How to Use Tulle for a Backdrop
Measure the height and width of the area you want to cover.
Multiply the height by two and add this number to the width to get the length of fabric you need to create a tulle frame.
Add 15 percent of the total length for each swag you want to create. For example, the ceiling height is 10 feet and the width of the platform for the head table is 20 feet. The total length of the fabric would be 40 feet. For one swag, add an additional 6 feet. For three swags, add 18 feet for a total length of 58 feet.
Add an additional 4 feet if you want the tulle to puddle on the floor.
Work with a single length of fabric measured according to the steps above.
Start with one end of the fabric just touching the floor or puddling according to your tastes and measurements.
Stretch the fabric to the ceiling. Wrap ribbon around the tulle where you want to secure the tulle to the wall.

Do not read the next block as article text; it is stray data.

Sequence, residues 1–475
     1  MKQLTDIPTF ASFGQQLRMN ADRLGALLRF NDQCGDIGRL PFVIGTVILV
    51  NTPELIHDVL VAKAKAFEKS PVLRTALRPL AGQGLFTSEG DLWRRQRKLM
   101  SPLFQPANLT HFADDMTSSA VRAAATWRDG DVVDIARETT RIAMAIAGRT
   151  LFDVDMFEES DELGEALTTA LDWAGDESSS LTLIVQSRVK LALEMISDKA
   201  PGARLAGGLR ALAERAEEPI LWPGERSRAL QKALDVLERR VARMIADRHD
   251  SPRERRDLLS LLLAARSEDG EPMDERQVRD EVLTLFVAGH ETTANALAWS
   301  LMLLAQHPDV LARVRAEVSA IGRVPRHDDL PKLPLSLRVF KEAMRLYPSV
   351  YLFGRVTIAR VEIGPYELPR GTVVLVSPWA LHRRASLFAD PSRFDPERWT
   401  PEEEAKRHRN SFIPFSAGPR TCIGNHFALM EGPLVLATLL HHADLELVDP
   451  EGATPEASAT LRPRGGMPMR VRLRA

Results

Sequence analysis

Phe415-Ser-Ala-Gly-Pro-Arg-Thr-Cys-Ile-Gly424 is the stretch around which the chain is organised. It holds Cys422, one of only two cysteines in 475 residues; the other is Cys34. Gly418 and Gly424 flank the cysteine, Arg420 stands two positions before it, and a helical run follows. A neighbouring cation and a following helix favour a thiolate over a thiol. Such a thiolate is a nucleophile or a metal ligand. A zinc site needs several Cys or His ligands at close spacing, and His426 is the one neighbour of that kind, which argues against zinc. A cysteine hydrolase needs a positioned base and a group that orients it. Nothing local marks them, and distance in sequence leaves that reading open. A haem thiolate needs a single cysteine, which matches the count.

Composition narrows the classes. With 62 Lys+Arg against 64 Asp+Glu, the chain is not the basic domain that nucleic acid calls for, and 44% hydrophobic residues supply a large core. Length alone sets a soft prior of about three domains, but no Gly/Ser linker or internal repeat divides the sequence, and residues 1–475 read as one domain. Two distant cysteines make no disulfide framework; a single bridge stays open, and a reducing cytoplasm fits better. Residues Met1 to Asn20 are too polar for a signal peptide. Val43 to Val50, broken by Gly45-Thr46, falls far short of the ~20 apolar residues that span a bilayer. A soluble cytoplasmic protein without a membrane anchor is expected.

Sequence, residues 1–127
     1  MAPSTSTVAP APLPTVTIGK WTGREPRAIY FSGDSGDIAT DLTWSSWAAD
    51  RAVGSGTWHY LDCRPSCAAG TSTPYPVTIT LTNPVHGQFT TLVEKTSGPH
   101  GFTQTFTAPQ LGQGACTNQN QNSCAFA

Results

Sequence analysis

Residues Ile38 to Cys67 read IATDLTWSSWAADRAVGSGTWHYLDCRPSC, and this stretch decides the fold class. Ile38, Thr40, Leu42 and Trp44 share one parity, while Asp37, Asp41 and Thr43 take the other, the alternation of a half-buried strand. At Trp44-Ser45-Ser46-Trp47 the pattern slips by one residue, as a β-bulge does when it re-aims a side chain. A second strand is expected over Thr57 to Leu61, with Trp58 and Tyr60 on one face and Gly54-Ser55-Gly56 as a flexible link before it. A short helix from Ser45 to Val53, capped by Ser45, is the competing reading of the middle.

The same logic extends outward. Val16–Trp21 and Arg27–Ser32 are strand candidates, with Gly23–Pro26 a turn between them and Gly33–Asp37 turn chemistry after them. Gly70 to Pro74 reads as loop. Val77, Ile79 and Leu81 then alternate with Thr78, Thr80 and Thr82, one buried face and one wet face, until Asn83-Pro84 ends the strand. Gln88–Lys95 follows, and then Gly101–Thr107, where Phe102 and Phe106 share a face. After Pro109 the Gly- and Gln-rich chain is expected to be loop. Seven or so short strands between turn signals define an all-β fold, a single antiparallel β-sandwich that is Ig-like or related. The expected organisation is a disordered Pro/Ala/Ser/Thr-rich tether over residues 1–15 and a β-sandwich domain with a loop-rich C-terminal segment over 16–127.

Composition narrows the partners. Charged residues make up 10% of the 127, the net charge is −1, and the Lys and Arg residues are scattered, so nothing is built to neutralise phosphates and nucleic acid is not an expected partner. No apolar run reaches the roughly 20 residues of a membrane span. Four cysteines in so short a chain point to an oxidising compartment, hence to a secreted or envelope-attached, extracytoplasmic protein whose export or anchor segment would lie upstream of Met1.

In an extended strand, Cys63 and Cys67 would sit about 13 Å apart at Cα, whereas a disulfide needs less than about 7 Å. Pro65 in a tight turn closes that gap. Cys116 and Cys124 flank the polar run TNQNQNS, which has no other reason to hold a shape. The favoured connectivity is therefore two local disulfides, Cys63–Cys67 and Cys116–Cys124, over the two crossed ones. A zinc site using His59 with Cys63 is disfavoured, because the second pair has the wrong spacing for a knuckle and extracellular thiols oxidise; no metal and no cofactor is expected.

Press a thumbtack through the back of the ribbon into the wall. Repeat the process for the beginning and end or each swag.
Let the remainder of the fabric fall to the floor once you have reached the edge of the area you want to define.
Fluff the swags so that they lay in clean pleats.
Use an individual curtain rod or dowel rod for each panel of tulle.
Attach curtain rod holders to the wall using thumbtacks.
Hang the curtain rods and panels.
Place white mini-light strings behind the tulle patterns. Use icicle lights at the top of the tulle and leave the rest of the area unlighted to create a valance. Hang strings of lights in zigzag or curly patterns to add interest.
Measure the height of the ceiling and multiply by three.
Sew a zigzag pattern across the width of the tulle using fishing line. Start at one edge and sew at a 90-degree angle across the panel using a long, basting stitch. When you reach the opposite side of the fabric, turn and work at a 90-degree angle back across the fabric.
Continue down the whole length of the fabric. Do not tie off the fishing line.
Start at the top of the fabric and press the fabric upward along the fishing line to create bunches. Work down the entire length of the fabric.
Hang panels on individual curtain rods and hang using curtain holders and thumbtacks.